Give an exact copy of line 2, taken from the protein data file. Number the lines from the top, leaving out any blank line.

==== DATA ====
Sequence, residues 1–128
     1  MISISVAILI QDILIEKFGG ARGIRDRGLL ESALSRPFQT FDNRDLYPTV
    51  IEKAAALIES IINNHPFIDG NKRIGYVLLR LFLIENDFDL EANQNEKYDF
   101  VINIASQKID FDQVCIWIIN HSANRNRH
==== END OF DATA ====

     1  MISISVAILI QDILIEKFGG ARGIRDRGLL ESALSRPFQT FDNRDLYPTV